High school in Connecticut was rough. Noth found himself enrolled in an experimental school that didn't particularly suit him: "It was a very free high school-no grades, coed," he says. "It was hell on academics, a very bucolic experience."

He went to Marlboro College in Vermont, where he challenged himself scholastically: "Hey, I even took Latin, and that was painful," he says with a humorous raise of the eyebrows. "I was thinking about writing but didn't really know what I wanted to do.

"I was kind of lost and wanted to find something for me, something I could do. Marlboro had this summer repertory theater and I joined. And I found a freedom in acting that was suited to who I was. Acting uses one's own impulses; it uses the things you don't like about yourself, takes them and makes them useful. It blends body, mind and spirit-your fears and insecurities can be a fuel, an impetus, because you have the ability to draw upon yourself. It was very cathartic for me. Finally, here was something I could do, something I could take and build on."

Noth remembers one college play in particular, a production of Edward Albee's "The Zoo Story," that fixed his goals for the future.

"We did it for one night-but we rehearsed for two months," he says. "It was electrifying. It was like a shock, almost, going out on stage.

"After that, all my acting dreams had to do with the stage because of that visceral feeling I had-that feeling of moving an audience with a story and taking them on that journey. I loved it so much because it was this great experience. Theater was all I wanted to do-I never thought about movies."

His brain afire after reading about Sir Laurence Olivier and the flowering of the British theater, he moved to New York to study with acting gurus Stella Adler and Sanford Meisner: "For better or worse, I never felt confident until I studied with one of the great masters," he says. "I was just fascinated by the whole world of New York. You saw a life in the theater and what it meant. I got hungry to do a lot of plays. And where they were doing that was Yale. So then I went to Yale Drama School for graduate school-and believe me, they eat, breathe and shit theater there. And I was very happy to be doing that."

He left grad school and launched his career, working in theater while landing small parts on TV and in films-until he was cast as Detective Mike Logan in "Law & Order," the long-running police procedural drama he joined at its inception. He shot the pilot in 1988, then waited for NBC to put it on the air, eventually starring in 111 episodes during the show's first five seasons, 1990-1995.

"That was heaven," Noth says. "When I started, the cast was all men and this was a different city. It was a show that was always concerned with complicated and ethical questions, more than just a dead body: terrorism, abortion, racism. It went places TV had never gone.

"And it was the only thing going on in New York City at the time. This was when New York City was not one boutique after another. The city still had a depth of neighborhoods, a lot of different neighborhoods. The show was exploring the city in a way it had not been explored before, before everything became franchised.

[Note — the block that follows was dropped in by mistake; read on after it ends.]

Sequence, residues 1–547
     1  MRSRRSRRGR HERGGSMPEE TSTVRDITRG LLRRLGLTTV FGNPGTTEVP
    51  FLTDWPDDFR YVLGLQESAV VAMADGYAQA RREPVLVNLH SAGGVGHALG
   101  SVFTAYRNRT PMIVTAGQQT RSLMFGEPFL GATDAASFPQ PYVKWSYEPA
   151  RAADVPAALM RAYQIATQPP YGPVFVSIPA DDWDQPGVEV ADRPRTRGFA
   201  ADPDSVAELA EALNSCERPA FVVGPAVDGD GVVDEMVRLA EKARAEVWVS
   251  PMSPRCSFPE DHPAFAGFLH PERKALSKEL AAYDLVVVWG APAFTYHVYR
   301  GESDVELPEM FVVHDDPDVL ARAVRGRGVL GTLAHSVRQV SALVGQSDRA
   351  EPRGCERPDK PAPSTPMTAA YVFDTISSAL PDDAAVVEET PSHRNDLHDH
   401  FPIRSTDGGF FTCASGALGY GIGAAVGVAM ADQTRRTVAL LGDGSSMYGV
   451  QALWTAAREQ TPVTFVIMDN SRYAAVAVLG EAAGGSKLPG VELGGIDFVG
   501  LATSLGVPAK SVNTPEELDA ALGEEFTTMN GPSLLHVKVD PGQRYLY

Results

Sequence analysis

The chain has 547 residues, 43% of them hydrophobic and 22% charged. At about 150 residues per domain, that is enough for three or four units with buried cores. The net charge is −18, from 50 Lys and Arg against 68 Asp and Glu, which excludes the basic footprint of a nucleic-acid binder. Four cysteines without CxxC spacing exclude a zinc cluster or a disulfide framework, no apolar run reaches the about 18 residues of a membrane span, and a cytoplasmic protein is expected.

"We shot the pilot on 16mm film, handheld. It was an exciting time to be doing TV, at a point when TV was considered off-limits if you wanted to have a movie career. But I could see the writing on the wall in 1995, after five years on the show. It was before the show spawned all those franchises."

Noth is referring to the growth industry "Law & Order" eventually became, giving birth to spin-offs such as "Law & Order: Special Victims Unit" and "Law & Order: Criminal Intent."

"It's almost a corporate thing, all those franchises-like Coke Light to real Coke," Noth says. "You wonder what gets lost in that, because it's just so derivative."

Which didn't stop Noth from returning to the "L&O" orbit, reprising the Mike Logan character for three seasons (2005-2008) on "Law & Order: Criminal Intent," a decision he now says he regrets.

"I never really believed I fit in that show," he says. "I did it because the deal was so good and because I didn't have to do every episode. Vince (D'Onofrio, who also played one of the lead detectives) needed a break."

Not that he has no kind words for that show: "The two years I did it with (writer-producer) Warren Leight running it, we did some good shows. We had a good crew and I liked the people. But I don't want to do something that's just comfort food. Those procedurals lull you into a certain state because they all look the same. And they're death to the creative process for an actor. You try to bring everything to it and a lot of the nuances are just washed right out to get to the story."

Which is the difference, Noth says, between the "L&O" universe and "The Good Wife," his newest series. The show, which debuted in the fall of 2009, has become one of CBS's hits of the 2009-2010 season. It stars Julianna Margulies as an attorney who put her career on hold when her husband (Noth) went into politics as a state's attorney-and who has now returned to work at a law firm because he has been imprisoned on corruption charges.

"It's a really smart show and I think we're telling a good story," Noth says. "I like what they're writing, as well as the dynamics between her character and mine, the political world and what's happening in both careers.

"Plus I like the fact that it's her show. At this point, I have no desire to have my own hour-long series. When you do an hour series, you do that and not much else and it's one of the hardest jobs there is. The hours are unrelenting. But I want to keep doing stage work-I try to do a play a year-and they made it possible for me to do that and still contribute to this show."